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Signs in Washington point to renewed focus on energy, environmental policies

February 6, 2013 By    

The hard-fought elections are over, the fiscal cliff has been avoided in the near term, President Barack Obama has been sworn in and he has begun to articulate his agenda for his second term.

But as we wait for the president’s State of the Union address to hear more detail, he has already begun to build support for his agenda and bring political pressure to bear.

A new group called Organizing for Action, headed by Obama campaign leaders and senior administration officials, has been formed to promote his legislative agenda. This is the first time in history that a presidential campaign has turned itself into a not-for-profit public policy action group, with all of the tools used in the campaign to turn out votes. Organizing for Action’s broad domestic initiatives include growing the economy, reducing gun violence, overhauling immigration and fighting for climate change policy.

During his inaugural address, the president highlighted these themes, as well. He further emphasized his energy and environmental agenda by stating, “We will respond to the threat of climate change, knowing that the failure to do so would betray our children and future generations. Some may still deny the overwhelming judgment of science, but none can avoid the devastating impact of raging fires, crippling drought and more powerful storms. The path toward sustainable energy sources will be long and sometimes difficult, but America cannot resist this transition. We must lead it. We cannot cede to other nations the technology that will power new jobs and new industries. We must claim its promise.”

How formidable the administration’s Republican opponents will be remains to be seen. Republicans remain in control in the House of Representatives by a margin of 234-201. In the Senate, Democrats kept their majority and gained an additional two seats for a total of 53 Democrats, 45 Republicans and two independents, who will caucus with the Democrats.

With these numbers, it seems likely that the Senate will rarely compromise with the Republicans, and the House will rarely compromise with the Democrats – similar to last term.

However, the Republican Party is in disarray. Speaker John Boehner, R-Ohio, was challenged by his own party on the House floor during his election for speaker, and his recent effort to bring his own legislation to the floor during the fiscal cliff negotiation was thwarted by his own party. In addition, Boehner was only able to muster a minimal number of Republican votes on the short-term fiscal cliff deal negotiated by Vice President Joe Biden and Sen. Mitch McConnell, R-Tenn.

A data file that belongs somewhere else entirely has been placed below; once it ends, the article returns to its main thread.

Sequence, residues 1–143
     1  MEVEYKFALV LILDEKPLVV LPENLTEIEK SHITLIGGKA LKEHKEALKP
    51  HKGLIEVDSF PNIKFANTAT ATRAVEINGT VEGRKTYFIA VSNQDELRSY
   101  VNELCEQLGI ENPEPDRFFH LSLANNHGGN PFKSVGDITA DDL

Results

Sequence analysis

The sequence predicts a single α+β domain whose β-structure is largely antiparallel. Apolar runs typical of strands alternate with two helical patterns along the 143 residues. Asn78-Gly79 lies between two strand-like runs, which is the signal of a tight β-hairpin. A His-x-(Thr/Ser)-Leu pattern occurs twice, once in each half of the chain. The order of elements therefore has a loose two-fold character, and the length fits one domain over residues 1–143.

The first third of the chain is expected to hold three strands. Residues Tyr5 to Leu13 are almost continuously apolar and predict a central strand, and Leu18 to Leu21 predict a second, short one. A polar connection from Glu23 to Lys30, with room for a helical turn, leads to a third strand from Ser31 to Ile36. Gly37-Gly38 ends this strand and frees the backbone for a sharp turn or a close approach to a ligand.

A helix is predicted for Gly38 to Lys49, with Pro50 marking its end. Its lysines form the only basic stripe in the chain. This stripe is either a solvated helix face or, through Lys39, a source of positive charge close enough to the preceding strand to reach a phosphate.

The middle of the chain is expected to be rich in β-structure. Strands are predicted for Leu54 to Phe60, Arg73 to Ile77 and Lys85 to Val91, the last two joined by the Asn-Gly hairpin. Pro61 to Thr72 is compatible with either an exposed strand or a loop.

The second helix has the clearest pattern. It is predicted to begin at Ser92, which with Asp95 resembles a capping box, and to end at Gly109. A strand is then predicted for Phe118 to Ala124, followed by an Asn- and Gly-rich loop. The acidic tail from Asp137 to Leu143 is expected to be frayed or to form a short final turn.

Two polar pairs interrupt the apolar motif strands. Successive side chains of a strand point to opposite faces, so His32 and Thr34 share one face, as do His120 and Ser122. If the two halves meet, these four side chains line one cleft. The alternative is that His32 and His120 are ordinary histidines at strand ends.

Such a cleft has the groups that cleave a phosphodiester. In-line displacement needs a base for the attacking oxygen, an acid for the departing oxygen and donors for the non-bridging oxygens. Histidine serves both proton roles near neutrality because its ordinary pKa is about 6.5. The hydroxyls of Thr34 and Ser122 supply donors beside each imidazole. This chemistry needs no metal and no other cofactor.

Congressional action isn’t the only means to policy change, however. As the energy industry is well aware, regulation is another. During the president’s first term, the Environmental Protection Agency adopted some of the most sweeping reforms in decades from mobile and stationary sources. Increased emission standards for cars and light trucks under a controversial “endangerment finding” for air pollution was adopted; first steps were taken to regulate greenhouse gases from new power plants, effectively banning construction of new coal plants unless they can capture carbon dioxide; and the first standards for airborne toxins from power plants were established.

This term, issues related to oil drilling and permitting, the Keystone XL Pipeline and hydraulic fracturing from shale are still under debate.

The president’s agenda in a second term is a chance to accomplish what has not been finished and secure his legacy. His continued focus on climate change suggests he is hoping to give real effort to energy and environmental policies. With a still struggling economy, unresolved fiscal cliff issues and a looming battle over a federal budget, the president faces considerable hurdles on his domestic policy agenda, just as he did in his first term. However, he now comes to the job with a great deal more experience and skill.

If all members of Congress take to heart one of the most important lines in the president’s inaugural address – “Progress does not compel us to settle centuries-long debates about the role of government for all time, but it does require us to act in our time” – the country will be better off.

Lisa Bontempo was a longtime energy lobbyist, including 13 years with NPGA. She remains involved in national politics and can be reached at

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